Literary Norfolk Header and Logo
 

Bawdeswell

The village of Bawdeswell (pronounced 'Bordswell') lies seven miles north-east of Dereham.

Chaucer picture

Geoffrey Chaucer (c.1340-1400)

In Chaucer's The Canterbury Tales -  Reeve Oswald came from Baldeswell (old spelling) in Norfolk. The name Bawdeswell originally derives from  'Baldere's spring or well' - which clearly substantiates Chaucer's earlier spelling. In the main Prologue, Chaucer describes the Reeve as follows:
 

The stallion-cob he rode at a slow trot
Was dapple-grey and bore the name of Scot.
He wore an overcoat of bluish shade
And rather long; he had a rusty blade
Slung at his side. He came, as I heard tell
From Norfolkshire, near a place called Baldeswell.
His coat was tucked under his belt and splayed.
He rode the hindmost of our cavalcade.

A Reeve was a medieval town councillor or magistrate and in The Reeve's Tale two clerks who are cheated by a miller get their revenge by sleeping with the miller's wife and daughter. In the tale, the miller comes from Trumpington near Cambridge.

Chaucer's uncle was reputedly the rector in Bawdeswell and the old timbered building (opposite the church) known as 'Chaucer House' may have been his rectory. Parts of the house may date from the 15th and even the 14th century, so it is conceivable that Chaucer did visit Bawdeswell - although it's impossible to prove.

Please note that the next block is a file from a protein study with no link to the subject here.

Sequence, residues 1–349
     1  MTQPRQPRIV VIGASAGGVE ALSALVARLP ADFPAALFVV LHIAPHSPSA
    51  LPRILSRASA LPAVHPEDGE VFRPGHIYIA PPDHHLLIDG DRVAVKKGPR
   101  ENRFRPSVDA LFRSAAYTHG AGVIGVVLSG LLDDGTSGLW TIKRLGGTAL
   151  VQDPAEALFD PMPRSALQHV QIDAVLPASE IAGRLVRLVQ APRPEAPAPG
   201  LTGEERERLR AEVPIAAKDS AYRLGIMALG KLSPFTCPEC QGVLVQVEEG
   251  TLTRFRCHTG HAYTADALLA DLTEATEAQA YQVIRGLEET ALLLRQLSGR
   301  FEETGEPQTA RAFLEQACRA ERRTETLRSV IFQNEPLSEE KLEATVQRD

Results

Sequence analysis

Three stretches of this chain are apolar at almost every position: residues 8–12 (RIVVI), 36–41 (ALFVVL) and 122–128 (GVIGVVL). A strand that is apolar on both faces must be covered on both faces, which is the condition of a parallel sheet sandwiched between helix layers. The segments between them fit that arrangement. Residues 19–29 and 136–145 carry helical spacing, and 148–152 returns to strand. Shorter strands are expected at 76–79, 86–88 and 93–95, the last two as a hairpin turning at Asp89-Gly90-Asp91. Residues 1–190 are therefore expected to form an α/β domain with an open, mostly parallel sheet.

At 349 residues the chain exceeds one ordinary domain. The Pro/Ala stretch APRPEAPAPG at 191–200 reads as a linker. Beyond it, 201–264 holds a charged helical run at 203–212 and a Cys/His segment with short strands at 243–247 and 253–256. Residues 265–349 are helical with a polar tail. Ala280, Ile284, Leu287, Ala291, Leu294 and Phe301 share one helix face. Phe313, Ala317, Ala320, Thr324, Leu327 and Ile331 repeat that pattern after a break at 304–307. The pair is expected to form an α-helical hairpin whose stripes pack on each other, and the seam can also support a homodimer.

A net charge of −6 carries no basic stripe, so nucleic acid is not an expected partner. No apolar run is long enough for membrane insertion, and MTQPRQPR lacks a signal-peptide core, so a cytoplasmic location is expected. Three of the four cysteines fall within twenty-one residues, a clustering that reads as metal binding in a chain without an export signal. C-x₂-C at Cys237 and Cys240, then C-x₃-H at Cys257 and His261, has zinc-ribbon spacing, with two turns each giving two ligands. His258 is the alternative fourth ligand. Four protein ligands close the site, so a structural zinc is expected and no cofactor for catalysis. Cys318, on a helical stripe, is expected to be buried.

Chaucer House, Bawdeswell

Chaucer House

 

Bawdeswell Village Sign

The Reeve on the Bawdeswell village sign


Walter Rye, the Norfolk antiquarian, wrote a book entitled Chaucer, A Norfolk Man (1915) in which he suggested that Chaucer's father came from King's Lynn. Chaucer's son was also the owner of a farm at Gresham in North Norfolk which he later sold to Sir William Paston.

Another Norfolk location which features in The Reeves Tale is Bromholm Abbey - the ruins of which stand at Bacton on the Norfolk coast.
 

 

 

 

 

 

Supported by Norfolk County Council logoSupported by Norfolk Tourism

 
 

Home | About Us | Advertise on Literary Norfolk

©Cameron Self 2007-2014                                                                                                                Hosted by UK Web.Solutions Direct